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Research Shows Workers Suffering More Burnout Now Than In Peak Of Pandemic

New research has shown that more employees are suffering from burnout now than at any point in history, including during the COVID-19 pandemic.

More burnout than ever

Workers around the world are more exhausted than ever, according to new research published last week.

As first reported by Bloomberg, more than 40% of people with desk jobs feel burned out at work, a pandemic-era high, according to a survey released by Future Forum, a research consortium backed by Salesforce’s Slack Technologies.

Interestingly, the pain caused by workplace stress seems particularly acute in Australia, where about half of the workers surveyed said they feel burned out at work, more than in any other country.

Economic uncertainty, fear of job cuts, and the increasing pressure to return to in-office work have added to workplace malaise, the Future Forum researchers said. Women and younger workers, in particular, reported struggling with burnout.

Just in recent weeks, two leading international politicians, Jacinda Ardhern (New Zealand) and Nicola Sturgeon (Scotland), have both cited burnout as a contributory factor in their decisions to step down from office.

Differences and similarities across the world

Regional pressures are also getting people down. In the UK, strikes have crippled the country as public-sector unions protest what they see as paltry pay increases. Japan’s government has asked firms there to help workers cope with the highest inflation since 1981.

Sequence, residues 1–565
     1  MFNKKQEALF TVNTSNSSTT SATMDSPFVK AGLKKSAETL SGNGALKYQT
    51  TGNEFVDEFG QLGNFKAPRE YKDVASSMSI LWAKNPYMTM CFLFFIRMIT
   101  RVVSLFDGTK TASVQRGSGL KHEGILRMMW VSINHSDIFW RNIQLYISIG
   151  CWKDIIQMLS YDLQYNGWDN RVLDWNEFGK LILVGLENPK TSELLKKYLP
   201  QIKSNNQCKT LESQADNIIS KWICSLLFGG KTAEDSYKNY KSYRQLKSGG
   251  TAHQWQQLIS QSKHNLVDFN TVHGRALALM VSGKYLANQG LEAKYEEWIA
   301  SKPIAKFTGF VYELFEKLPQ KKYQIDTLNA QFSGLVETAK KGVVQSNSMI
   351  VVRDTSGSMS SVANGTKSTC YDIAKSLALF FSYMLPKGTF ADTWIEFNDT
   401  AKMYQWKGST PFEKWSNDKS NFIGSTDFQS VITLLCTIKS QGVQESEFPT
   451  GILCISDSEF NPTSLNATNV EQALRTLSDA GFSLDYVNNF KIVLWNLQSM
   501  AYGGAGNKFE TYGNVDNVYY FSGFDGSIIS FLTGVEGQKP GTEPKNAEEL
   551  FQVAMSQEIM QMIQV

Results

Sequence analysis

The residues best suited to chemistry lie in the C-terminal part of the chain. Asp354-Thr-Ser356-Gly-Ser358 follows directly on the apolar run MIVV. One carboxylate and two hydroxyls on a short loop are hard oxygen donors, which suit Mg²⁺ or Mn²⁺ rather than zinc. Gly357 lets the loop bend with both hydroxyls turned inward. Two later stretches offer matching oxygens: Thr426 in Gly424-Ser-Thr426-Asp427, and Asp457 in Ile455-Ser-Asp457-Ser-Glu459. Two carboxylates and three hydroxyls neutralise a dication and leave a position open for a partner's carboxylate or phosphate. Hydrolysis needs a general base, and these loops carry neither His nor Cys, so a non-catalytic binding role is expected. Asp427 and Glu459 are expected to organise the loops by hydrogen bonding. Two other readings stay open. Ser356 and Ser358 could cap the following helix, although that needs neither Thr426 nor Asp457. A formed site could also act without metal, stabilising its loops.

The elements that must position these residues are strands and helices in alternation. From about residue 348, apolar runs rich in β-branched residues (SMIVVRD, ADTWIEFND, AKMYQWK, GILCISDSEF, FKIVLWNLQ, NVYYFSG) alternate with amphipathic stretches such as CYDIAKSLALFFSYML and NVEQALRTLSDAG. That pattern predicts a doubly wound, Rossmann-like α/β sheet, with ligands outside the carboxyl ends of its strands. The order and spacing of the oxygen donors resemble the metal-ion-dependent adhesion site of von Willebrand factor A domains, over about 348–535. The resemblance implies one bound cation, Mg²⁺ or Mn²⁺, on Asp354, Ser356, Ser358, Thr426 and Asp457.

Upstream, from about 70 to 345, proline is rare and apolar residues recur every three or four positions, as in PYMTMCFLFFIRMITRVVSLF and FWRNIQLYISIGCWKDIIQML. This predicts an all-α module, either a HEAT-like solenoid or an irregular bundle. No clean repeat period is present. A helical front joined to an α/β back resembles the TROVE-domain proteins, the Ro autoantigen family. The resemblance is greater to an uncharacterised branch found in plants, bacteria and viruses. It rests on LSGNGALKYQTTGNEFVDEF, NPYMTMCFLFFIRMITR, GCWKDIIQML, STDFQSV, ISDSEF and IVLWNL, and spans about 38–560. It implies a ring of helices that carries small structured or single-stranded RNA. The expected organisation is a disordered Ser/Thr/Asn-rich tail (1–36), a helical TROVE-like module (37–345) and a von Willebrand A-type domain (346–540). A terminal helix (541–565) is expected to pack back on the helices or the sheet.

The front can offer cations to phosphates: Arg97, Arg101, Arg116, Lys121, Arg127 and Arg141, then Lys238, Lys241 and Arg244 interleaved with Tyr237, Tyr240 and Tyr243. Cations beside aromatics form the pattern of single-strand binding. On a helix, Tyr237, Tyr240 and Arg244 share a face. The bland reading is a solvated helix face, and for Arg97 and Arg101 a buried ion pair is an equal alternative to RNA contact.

Meanwhile, French citizens have taken to the streets to protest the government’s plan to raise the retirement age to 64 from 62, which could result in some concessions around working from home.

In the latest poll, conducted late last year, more than half of those who said they were dissatisfied with their level of flexibility also said they were burned out.
Employees with immovable work schedules are more than twice as likely to say they’ll definitely be looking for a new job over the next year. According to Brian Elliot, a Slack executive who oversees the Future Forum research,

“All the benefits of flexibility are about how you give people focused time, rather than sweating how many days of the week they are in. Flexibility also improves a company’s culture, and every time I tell executives this, it surprises them.”


In the United States, layoffs are mounting, and return-to-office policies are shifting from being recommended to required. However, workers there seem to feel slightly happier than their international counterparts. Only 41% of people surveyed in the US said they felt burned out at the end of last year, just shy of the 42% global rate and only a modest improvement from earlier in 2022.

What else does the survey show?

The Future Forum survey, which is conducted quarterly in the US, UK, Japan, Australia, Germany, and France – has found that pandemic-era workers with more freedom to choose where and when they work are usually more satisfied, productive, and less likely to quit.

It’s not just mandatory facetime that is stressing workers. Companies have thrown so much technology at employees that they may be getting overwhelmed. Large employers now use an average of 211 different apps, up from 195 last year, according to a separate survey from Okta, a cloud software company that tracks app usage.

A recent study, highlighted in Harvard Business Review, of 20 teams across three big employers found that workers toggled between different apps and websites 1200 times each day, leading to a “toggling tax” that can cost workers time, productivity, and peace of mind.


What do you think of the research findings? How have you found your workplace stress levels have changed over recent years? Tell us more in the comments.  


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